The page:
The Yoga Chakra or Wheel of Yoga consists of six branches of yoga. Hatha, raja and kriya yoga are the external practices and disciplines, the bahiranga yoga. Karma, jnana and bhakti yoga are the inner yoga, the antaranga yoga
Karma yoga is not just working without expectation as defined in the scriptures. Karma yoga is one's involvement to create a beautiful effect in one's life. Karma yoga is a process of cultivating the garden of life and a yogi is always a gardener. People say a yogi is a warrior. Movies have come out such as 'Spiritual Warrior'. That is not the correct idea, for after all a warrior attains victory after a lot of death, destruction and spilling of blood. In that victory there is no happiness and no peace.
A gardener who can work the barren piece of land and convert it into a most beautiful garden is the person who succeeds in life. Therefore, I suggest, "Don't try to become a warrior and fight with yourself; try to become a gardener and plant the seeds of good intention, good samskara, good thought and good behaviour in your life." Ultimately this will carry one through on the road of success, peace and prosperity. If one is not able to cultivate the positive in life, the negative will pull one back. The positive propels one forward, the negative holds one back. It restricts the onward journey.
The concept of karma yoga according to yoga is that one's expressions have to be harmonious. One's expression, performance and action have to lead one to the attainment of success, peace and prosperity. Actions can take one to prosperity, yet if there is no peace one will not be satisfied even in prosperity. Actions should lead one to prosperity and peace, together and at the same time. If one is only seeking prosperity in life and not peace, one will always have tension. If one is only seeking peace in life, there won't be enough in the pocket. It is as simple as that.
There has to be balance, and karma yoga allows one to achieve this balance. Right performance gives one 'wisdom full' action. Prosperity and peace are attained through action and that is the idea of karma yoga.
The second component of antaranga yoga is jnana yoga. It should not be seen from a philosophical perspective, asking oneself the question, 'Who am I?' Jnana yoga should be understood in practical terms.
The best quality one should cultivate in this life is understanding. Not love, not sympathy, not cooperation, only understanding, samajh. With understanding there can be no problem between two people. It is lack of understanding which creates problems: I do not understand you, you do not understand me, we come to loggerheads. However, if I understand you and you understand me, there is cooperation, sympathy, closeness and strength.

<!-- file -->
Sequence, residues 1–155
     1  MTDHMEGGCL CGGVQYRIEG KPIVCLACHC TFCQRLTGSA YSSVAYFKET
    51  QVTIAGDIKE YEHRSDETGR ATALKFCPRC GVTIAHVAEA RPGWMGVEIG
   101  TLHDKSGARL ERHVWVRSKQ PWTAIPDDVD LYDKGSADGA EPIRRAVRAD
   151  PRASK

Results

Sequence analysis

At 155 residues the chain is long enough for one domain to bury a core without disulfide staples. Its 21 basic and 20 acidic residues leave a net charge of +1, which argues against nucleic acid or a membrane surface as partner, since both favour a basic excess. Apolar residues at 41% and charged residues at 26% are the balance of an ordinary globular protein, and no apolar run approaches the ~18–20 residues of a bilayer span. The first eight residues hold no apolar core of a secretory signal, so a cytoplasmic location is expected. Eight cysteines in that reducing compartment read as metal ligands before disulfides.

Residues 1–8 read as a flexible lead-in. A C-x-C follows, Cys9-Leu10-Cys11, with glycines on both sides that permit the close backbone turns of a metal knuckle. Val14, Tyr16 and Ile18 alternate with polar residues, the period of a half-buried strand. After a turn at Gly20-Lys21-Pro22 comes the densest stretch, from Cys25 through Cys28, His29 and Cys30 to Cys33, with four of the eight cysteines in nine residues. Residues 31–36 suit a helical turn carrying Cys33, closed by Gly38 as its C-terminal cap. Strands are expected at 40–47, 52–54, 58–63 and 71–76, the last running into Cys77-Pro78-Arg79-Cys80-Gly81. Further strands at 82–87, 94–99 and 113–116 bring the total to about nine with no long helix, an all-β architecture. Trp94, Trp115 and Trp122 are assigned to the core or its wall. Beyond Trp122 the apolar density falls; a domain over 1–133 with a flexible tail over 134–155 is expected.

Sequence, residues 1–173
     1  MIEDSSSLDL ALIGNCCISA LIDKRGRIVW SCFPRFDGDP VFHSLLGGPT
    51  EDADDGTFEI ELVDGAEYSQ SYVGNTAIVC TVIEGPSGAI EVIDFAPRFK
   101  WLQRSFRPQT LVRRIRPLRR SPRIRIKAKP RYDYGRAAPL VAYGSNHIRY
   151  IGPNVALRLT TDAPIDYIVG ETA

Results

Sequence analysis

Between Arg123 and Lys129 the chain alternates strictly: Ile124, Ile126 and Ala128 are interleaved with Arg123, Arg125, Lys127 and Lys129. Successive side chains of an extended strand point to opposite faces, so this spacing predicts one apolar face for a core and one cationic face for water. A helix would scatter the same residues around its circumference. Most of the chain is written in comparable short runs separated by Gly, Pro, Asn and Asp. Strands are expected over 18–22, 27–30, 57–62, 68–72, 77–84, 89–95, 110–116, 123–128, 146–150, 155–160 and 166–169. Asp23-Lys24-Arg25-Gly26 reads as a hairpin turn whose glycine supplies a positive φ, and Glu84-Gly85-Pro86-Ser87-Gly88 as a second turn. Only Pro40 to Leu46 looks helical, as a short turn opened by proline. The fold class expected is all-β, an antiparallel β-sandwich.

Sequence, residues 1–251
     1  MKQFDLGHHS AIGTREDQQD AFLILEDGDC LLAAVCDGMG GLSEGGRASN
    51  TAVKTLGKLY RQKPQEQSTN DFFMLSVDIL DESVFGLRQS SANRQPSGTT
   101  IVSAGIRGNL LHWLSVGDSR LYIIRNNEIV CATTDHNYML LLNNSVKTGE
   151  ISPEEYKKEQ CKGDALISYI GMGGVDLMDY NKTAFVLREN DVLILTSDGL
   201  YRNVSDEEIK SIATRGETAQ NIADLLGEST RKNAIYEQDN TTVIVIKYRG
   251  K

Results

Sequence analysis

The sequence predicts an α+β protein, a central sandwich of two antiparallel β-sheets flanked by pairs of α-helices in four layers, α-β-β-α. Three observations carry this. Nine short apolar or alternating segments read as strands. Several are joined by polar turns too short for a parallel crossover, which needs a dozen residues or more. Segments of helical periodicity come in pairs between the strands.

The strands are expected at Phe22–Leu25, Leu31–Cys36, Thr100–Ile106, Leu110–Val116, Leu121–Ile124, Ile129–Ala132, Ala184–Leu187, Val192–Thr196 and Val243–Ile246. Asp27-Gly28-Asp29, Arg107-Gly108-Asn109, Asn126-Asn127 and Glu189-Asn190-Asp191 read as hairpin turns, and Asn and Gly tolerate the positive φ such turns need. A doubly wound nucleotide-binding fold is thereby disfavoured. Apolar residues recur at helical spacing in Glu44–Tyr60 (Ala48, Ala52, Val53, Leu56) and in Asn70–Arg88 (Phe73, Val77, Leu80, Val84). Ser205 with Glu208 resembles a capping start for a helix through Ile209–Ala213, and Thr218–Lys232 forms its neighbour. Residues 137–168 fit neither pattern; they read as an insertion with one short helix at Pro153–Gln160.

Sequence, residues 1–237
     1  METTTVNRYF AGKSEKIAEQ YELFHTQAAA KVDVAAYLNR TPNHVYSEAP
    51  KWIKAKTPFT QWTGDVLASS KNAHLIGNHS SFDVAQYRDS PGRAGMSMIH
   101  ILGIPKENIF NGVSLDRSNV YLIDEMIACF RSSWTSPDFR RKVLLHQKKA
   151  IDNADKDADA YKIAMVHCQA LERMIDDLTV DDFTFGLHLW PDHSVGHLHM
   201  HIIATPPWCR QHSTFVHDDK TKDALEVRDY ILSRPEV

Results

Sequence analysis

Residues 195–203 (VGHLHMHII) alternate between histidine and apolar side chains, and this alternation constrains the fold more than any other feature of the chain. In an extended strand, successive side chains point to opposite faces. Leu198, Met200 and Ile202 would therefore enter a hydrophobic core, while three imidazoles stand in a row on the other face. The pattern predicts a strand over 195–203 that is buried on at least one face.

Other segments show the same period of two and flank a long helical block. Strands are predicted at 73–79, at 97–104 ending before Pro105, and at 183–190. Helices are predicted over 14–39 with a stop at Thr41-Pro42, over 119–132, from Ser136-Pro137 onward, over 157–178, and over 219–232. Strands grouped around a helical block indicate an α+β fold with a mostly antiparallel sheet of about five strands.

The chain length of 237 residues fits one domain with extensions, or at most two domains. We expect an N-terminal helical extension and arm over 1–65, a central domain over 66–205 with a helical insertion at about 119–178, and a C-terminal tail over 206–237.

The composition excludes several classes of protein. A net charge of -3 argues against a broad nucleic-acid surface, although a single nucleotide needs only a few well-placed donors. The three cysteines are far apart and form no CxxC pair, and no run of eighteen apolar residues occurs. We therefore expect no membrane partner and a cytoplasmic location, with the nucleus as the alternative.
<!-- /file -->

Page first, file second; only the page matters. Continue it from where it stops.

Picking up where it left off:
Therefore in the beginning, one should not search for love, compassion or kindness, but for a better understanding of oneself and other people. Then through understanding one can connect to help others in an appropriate manner. That is jnana yoga.
People think jnana is knowledge of the divine, the transcendental. According to yoga, jnana is the knowledge that uplifts. Every kind of knowledge uplifts a person. After all, when one becomes an engineer, a doctor, a professional person, then it is that knowledge which helps one to excel and succeed in life. If one did not have that knowledge, one would not excel or succeed. Just as material knowledge becomes the means to prosperity for a human being, in the same manner spiritual knowledge becomes the means to develop a better personality, character and nature.
This has been the statement of the gurus of every tradition throughout the ages: try to develop understanding, try to develop your role in life and try to connect with other people.
Sri Swami Satyananda spent his last years in seclusion, in sadhana. He would meet people maybe once or twice a year during major events. Then he used to say, "I'm not seeking emancipation or liberation. I have only one desire: I want to be born again and again to wipe the tears of suffering and unhappiness from the eyes of people. The work of my life will be over when I can ensure that there are no tears of suffering in the eyes of people, but the joy of confidence and attainment."
This was his statement and he said, "I'm waiting to leave my body. I have received a one-way ticket, but I don't want a one-way ticket. I want a return ticket. The day I get my return ticket confirmed, I will leave this place to come back again, because I don't want emancipation."
And this is what he did. One day, a bolt from the blue. Ten o'clock at night in perfect health he calls one swami and says, "I am leaving my body now. I am leaving my body now." And he sat down in meditation. He said, "I have received my return ticket, I know I will come back. In order to collect my return ticket, I have to get on the train right now, for only then will I catch the connecting return train."
Within half an hour, consciously, wilfully with the chanting of Om he lifted his pranas and left the body. In history and in mythology I had read of people attaining samadhi, yet I had never known how they would do it. I had seen these tamasha wallahs at the Kumbha Mela and other places who go underground for a day or so and say that this is samadhi. Now, for the first time I understood what samadhi actually meant. It is the conscious, wilful withdrawal of pranas and the conscious withdrawal of the soul from this dimension into the transcendental. A person who can do that is definitely able to ensure that the tattwas can again take birth.